Finally, scholars who study the birth and demise of social movements agree that working for change is an identity process. Becoming a social activist means stepping into the stream of change, as an individual and member of your community. One way to define change is "passing from one place, state, form, or phase to another," which, on a personal level, usually means feeling and thinking differently about the world and our place in it, and acting from that new awareness. Unless you happen to be an extraordinarily uninhibited or self-actualized person, it's very likely that working for change will force you to step out of your comfort zone. (If it doesn't, you may want to check out whether your change work is having the impact you'd like to see.)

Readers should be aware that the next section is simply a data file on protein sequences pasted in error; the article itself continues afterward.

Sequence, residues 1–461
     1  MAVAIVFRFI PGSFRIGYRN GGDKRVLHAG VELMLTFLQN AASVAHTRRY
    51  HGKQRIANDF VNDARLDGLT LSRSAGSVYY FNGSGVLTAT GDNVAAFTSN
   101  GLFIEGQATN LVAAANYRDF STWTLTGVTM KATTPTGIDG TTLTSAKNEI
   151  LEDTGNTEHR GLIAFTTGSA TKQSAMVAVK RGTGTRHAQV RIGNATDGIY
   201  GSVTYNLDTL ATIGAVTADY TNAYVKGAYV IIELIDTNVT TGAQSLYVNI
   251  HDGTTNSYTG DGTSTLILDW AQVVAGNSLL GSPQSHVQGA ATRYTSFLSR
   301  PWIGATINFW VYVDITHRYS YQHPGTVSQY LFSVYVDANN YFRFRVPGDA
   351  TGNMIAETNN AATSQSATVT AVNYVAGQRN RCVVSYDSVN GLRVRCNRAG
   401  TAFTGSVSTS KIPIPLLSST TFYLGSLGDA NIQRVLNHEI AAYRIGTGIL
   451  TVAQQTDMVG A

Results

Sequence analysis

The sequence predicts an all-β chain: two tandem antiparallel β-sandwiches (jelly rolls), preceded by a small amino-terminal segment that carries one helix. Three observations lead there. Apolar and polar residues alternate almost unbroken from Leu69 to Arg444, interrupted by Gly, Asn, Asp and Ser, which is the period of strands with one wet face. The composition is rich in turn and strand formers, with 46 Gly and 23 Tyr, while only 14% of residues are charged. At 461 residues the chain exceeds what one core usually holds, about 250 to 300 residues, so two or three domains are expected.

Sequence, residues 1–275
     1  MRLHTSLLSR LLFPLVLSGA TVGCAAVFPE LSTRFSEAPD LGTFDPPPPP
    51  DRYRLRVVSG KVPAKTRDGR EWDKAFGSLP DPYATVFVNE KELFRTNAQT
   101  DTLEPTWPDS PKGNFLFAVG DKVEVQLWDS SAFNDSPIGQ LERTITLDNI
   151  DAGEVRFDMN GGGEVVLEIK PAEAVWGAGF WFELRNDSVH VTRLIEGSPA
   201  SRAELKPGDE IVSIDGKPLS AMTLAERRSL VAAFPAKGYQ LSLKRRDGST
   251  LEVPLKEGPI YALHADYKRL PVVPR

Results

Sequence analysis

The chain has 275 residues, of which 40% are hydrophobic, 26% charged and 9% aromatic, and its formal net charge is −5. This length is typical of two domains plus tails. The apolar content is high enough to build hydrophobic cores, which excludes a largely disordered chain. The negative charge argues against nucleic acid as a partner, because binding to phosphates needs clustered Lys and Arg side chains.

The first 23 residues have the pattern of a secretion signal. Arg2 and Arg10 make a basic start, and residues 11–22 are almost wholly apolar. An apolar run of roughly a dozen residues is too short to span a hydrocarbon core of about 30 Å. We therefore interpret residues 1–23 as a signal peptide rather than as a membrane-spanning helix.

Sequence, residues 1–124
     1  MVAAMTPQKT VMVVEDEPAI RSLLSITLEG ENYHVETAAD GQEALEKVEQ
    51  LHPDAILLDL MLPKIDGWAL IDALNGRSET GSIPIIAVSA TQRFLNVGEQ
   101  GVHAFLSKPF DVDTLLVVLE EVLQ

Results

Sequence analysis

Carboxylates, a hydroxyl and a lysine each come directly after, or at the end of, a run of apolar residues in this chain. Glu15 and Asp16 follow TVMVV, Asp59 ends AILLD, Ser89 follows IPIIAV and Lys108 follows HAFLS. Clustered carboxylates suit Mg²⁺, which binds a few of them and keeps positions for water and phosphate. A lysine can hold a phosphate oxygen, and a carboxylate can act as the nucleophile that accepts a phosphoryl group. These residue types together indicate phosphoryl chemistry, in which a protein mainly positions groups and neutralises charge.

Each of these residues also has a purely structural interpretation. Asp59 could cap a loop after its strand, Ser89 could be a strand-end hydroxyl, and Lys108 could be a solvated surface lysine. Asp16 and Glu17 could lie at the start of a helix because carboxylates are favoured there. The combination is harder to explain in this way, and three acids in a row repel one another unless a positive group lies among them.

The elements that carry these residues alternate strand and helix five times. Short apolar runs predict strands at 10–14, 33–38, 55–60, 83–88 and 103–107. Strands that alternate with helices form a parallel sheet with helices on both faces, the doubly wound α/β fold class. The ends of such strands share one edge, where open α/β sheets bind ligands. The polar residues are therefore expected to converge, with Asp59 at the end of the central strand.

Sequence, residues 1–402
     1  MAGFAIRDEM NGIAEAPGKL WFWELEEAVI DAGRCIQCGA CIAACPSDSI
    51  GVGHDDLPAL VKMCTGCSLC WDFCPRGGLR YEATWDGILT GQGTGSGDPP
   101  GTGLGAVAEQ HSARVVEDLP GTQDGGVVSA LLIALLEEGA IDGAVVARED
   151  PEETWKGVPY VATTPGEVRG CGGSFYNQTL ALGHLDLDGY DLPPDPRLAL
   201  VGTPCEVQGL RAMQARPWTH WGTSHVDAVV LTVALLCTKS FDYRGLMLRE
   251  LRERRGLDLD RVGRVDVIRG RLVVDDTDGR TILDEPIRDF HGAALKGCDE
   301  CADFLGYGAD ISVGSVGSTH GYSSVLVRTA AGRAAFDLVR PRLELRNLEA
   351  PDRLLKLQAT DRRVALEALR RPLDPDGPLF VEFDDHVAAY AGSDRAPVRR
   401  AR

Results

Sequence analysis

The mothers' movement is in a perfect position to take advantage of new models of working for change. For example, the innovative organizing paradigm emerging from the Obama for America campaign has mobilized millions of supporters and volunteers with a hybrid model of community organizing that combines conventional ground operations and building grassroots capacity in the field with sophisticated online networking tools to streamline communication and organizing tasks. But in order to grow our movement in a way that will empower mothers and others to act for change, we need to invest in the development of new structures and capacities (a challenge that also applies to the progressive movement in general.) Here's a short list of needs and possibilities: